For example, let's pretend a typical audio call requires 100 kilobytes of network bandwidth, and let's further pretend that you've implemented a policy that limits audio transmissions to 1,000 kilobytes of bandwidth at a time. That means you can have, at most, 10 calls going on at the same time: 10 x 100 = 1,000. Suppose you currently have 10 calls going on, and someone picks up the phone and tries to place an 11th call, a call that would push you past the maximum-allowed bandwidth. Will that user be allowed to make that call? Nope. Instead, he or she will have to wait until someone hangs up and frees up enough bandwidth for the new call to go through.

 

Of course, most of you probably have totally unlimited network capacity. But, on the rare chance that you don't, CAC is a pretty good thing to know about.

 

At any rate, after you've create a network bandwidth policy and policy profile, your next step is to assign that policy profile to your two sites. How do you do that? That's right: you use the New-CsNetworkInterSitePolicy cmdlet. Let's take a look at a sample command for doing this, and then we'll explain how it all works:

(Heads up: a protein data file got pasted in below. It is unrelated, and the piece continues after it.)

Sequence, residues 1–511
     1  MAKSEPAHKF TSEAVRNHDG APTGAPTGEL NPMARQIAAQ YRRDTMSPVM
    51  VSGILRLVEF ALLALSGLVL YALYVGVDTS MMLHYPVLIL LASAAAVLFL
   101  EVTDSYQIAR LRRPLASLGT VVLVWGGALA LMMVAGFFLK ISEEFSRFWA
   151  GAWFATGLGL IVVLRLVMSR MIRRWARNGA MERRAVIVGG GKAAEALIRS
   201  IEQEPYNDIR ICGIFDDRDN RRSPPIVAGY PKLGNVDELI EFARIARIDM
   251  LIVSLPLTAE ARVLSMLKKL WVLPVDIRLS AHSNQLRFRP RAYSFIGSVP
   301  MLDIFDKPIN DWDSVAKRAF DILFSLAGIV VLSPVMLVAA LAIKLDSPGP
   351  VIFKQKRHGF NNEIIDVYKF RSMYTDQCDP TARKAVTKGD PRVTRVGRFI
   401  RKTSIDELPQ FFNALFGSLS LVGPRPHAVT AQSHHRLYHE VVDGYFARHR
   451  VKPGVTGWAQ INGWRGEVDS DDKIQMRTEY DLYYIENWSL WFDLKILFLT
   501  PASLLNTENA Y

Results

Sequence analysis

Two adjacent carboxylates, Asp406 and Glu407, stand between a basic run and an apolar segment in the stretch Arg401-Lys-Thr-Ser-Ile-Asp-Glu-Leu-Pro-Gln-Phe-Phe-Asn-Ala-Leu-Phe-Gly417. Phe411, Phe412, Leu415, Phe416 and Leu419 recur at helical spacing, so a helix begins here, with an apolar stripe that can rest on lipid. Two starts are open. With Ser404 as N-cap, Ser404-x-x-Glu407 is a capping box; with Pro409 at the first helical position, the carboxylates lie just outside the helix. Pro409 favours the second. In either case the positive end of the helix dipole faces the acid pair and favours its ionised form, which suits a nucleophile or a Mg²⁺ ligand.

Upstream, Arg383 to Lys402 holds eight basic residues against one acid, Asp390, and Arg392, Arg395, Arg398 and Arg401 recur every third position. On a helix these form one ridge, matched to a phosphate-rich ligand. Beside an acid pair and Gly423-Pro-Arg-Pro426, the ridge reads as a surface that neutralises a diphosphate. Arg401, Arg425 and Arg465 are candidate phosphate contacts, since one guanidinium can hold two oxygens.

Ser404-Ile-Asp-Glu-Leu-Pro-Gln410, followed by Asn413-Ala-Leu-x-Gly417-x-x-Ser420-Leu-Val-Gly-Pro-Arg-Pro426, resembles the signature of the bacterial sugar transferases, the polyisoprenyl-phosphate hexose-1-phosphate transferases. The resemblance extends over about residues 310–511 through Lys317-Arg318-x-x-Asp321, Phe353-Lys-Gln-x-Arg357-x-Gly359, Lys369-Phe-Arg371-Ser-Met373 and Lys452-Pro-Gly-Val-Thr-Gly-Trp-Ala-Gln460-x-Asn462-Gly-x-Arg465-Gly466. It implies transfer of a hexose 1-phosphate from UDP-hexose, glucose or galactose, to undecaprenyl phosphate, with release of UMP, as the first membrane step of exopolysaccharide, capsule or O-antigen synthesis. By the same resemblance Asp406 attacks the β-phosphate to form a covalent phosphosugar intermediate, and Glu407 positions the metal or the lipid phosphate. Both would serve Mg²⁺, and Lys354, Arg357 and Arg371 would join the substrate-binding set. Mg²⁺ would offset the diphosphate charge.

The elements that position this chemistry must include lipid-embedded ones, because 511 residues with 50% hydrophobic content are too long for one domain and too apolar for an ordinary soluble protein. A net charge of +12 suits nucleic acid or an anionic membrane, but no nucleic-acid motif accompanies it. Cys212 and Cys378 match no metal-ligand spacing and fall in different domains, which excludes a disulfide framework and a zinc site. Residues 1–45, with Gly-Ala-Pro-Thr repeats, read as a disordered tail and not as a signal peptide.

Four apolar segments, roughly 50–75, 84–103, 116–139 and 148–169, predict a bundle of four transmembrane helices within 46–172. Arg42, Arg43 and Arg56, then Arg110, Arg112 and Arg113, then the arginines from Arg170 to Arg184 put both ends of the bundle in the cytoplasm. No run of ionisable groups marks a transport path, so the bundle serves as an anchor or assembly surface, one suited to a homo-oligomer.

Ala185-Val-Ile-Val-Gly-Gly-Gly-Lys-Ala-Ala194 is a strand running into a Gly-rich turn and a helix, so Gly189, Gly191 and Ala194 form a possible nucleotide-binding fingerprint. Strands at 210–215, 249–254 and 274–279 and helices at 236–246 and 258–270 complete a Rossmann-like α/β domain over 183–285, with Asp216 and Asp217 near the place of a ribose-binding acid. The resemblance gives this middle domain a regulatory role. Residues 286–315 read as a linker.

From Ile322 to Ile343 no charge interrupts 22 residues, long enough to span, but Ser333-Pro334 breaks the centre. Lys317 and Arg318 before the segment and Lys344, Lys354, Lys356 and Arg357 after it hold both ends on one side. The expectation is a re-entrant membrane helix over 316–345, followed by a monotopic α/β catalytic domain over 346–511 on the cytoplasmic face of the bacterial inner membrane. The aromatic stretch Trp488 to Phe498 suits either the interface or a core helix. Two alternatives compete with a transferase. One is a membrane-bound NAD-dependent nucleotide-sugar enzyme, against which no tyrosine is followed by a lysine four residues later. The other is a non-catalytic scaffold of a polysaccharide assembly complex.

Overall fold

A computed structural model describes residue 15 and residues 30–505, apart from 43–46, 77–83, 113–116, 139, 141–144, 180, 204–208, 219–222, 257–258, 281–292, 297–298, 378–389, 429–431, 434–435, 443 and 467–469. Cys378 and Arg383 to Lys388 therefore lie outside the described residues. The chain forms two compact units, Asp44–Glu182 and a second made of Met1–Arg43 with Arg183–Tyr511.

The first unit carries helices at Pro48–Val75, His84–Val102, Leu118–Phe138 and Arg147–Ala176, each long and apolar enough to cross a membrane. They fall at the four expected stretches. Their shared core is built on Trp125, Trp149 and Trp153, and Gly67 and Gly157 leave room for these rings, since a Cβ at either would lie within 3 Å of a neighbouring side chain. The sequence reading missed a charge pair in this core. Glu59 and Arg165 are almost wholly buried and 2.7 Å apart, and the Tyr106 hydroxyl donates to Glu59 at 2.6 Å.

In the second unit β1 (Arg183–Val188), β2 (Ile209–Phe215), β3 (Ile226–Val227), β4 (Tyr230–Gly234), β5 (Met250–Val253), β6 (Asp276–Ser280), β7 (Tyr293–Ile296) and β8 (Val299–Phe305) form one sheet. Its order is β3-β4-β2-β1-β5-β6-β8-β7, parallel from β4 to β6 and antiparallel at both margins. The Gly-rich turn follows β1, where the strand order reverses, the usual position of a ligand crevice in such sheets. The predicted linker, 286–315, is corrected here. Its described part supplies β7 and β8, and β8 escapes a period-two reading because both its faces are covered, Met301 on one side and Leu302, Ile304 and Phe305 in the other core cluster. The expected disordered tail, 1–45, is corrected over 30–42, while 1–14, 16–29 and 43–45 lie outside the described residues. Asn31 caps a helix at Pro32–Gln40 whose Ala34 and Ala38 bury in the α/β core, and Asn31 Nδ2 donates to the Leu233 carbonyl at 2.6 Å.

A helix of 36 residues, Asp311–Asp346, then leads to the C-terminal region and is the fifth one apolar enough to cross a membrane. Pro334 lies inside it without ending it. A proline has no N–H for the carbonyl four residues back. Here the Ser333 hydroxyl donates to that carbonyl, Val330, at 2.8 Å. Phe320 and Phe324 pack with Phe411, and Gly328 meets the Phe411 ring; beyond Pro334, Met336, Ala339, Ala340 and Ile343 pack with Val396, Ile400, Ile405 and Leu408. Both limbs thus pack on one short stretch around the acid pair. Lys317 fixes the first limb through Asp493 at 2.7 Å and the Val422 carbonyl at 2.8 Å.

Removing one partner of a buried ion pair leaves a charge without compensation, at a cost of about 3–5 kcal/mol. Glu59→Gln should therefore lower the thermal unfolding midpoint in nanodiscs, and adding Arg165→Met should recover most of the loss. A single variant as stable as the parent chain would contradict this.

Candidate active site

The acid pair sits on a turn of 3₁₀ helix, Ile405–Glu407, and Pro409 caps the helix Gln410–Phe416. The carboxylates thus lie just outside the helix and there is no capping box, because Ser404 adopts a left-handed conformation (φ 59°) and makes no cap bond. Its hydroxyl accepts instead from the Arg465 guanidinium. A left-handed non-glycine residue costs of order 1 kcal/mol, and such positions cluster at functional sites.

New-CsNetworkInterSitePolicy -Identity RedmondDublinPolicy -NetworkSiteID1 Redmond -NetworkSiteID2 Dublin -BWPolicyProfileID TenCallMaximum

 

As you can see, we start off by calling New-CsNetworkInterSitePolicy, passing the cmdlet the following parameters:

 

·         Identity — The unique Identity for the inter-site policy. The Identity can be pretty much anything you want, although it obviously makes sense to include the names of the two affected sites somewhere in that Identity. But that's up to you.

·         NetworkSiteID1 — The Identity of the first of the two sites affected by this policy. Two things to keep in mind here. First, remember that we're talking about network sites here; those are sites created using the New-CsNetworkSite cmdlet and are specific to CAC. If you aren’t sure which network sites you actually have (if any), just run this command:

Get-CsNetworkSite | Select Identity

Second, if you're creating a policy for the connection between the Redmond site and the Dublin site, it doesn't matter which site gets listed as NetworkSiteID1 and which gets listed as NetworkSiteID2. However, you can only have one policy for that connection. Suppose you have a policy with these property values: